“Let your unfailing love surround us, Lord, for our hope is in you alone.” —Psalm 33:22
The ability to imagine a different reality sets human beings apart from all of creation. Children are best at this. My favorite moments lately include playing alongside my nephews who are two and four years old. They have a way of ushering me into a world that begins in their mind’s eye and that is arrived at through play.
When I think about hope, I can’t help but connect it with this idea of playful imagination. I believe the Creator God is inviting us into His realm of imagination—to imagine what He envisioned for His creation. This similar sentiment is found in the book of Isaiah: “For I am about to do something new. See, I have already begun! Do you not see it?” (Isaiah 43:19b).
In the beginning of Psalm 33, the psalmist proclaims God’s power and creativity as life and light flood what once was formless and dark. The psalmist concludes by offering a declaration of hope. The Hebrew word for hope used here is “yakhal,” meaning “to wait for.” Biblical hope includes the ability to wait, and to see new creation coming forth through the rubble.
This shouldn’t be misconstrued with blind optimism. Many people, if they try hard enough, can look at dire circumstances and imagine a better version. Yakhal, on the other hand, is not built on our ability to imagine well, nor is it based on circumstances. Rather, our yakhal is found firmly in the character of the Creator God and His past and present faithfulness.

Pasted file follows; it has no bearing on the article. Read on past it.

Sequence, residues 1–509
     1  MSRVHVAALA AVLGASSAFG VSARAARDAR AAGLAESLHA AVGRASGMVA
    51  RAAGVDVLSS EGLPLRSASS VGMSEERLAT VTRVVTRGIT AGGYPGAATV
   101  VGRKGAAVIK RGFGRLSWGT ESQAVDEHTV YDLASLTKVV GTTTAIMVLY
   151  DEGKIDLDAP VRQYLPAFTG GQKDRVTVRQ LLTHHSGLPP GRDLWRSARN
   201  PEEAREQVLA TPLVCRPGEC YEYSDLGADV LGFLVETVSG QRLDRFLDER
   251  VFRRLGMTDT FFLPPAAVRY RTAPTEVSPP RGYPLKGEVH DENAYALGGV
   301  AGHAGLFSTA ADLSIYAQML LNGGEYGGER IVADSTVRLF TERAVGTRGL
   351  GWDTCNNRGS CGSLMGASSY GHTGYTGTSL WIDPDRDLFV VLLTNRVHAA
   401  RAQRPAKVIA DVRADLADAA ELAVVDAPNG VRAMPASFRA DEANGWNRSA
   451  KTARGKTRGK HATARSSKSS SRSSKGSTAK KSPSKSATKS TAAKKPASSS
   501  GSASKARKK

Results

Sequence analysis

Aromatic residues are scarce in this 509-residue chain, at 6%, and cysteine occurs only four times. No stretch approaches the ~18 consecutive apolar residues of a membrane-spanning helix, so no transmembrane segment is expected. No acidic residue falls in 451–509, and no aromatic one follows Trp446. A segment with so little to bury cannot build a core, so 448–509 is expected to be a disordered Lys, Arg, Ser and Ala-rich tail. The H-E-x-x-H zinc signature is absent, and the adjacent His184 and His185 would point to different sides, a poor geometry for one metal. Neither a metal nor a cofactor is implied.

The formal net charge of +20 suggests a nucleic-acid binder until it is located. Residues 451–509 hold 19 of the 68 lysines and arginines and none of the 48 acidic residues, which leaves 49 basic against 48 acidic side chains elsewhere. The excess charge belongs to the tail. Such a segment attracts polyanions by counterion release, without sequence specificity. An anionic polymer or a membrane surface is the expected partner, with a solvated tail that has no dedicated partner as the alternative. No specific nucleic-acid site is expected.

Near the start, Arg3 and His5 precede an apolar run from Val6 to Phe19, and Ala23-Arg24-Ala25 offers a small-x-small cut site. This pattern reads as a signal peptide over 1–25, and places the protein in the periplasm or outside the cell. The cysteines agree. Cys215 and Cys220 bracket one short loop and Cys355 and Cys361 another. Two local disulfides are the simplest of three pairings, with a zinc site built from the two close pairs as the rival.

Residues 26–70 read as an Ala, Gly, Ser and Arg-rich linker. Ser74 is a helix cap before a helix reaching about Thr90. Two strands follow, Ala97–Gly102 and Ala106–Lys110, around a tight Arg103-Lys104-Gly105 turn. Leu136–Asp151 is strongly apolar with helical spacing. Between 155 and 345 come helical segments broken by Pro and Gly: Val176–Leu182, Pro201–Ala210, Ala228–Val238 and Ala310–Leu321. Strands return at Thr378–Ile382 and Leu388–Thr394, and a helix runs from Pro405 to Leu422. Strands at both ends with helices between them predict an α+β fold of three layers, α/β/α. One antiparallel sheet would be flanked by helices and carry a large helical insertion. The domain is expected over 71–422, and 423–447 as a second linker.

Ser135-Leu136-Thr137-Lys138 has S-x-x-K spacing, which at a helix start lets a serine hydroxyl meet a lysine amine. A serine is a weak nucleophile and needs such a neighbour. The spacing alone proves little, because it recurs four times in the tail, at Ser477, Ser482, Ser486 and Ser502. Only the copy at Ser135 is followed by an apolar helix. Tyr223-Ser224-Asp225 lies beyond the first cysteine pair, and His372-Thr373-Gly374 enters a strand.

Pause and take a deep breath. Read Psalm 33 in its entirety. Allow the weight of the words to sink in.
Regardless of the circumstances around you, you are being invited to rest in the One whose “intentions can never be shaken” (33:11). I pray for a sense of comfort and resilience to be evoked in you as you choose to embody this truth.
This passage also invites you more deeply to understand your identity as a child of God. This powerful declaration of hope is meant to instill in you a childlike wonder as you imagine the world through the mind’s eye of the Creator, and ultimately, His faithfulness. When you take this posture, nothing looks the same.
I wonder, would you be bold enough to ask yourself: what in my world needs to be reimagined through the lens of hope? In what areas might I be allowing my circumstances to inform my imagination?
Prayer for the week: Father, forgive us for the times we have been short-sighted and have allowed other voices to inform our realities. Help us to build our hope not on what we experience but rather on Your faithfulness. Lead us to new places of imagination and hope as we wait on You with great anticipation and expectation. We look to You alone, Father!
Sarah Fredricks is Associate Pastor at Living Hope Church of the Nazarene in Olathe, Kansas, USA.
Written for Coffee Break.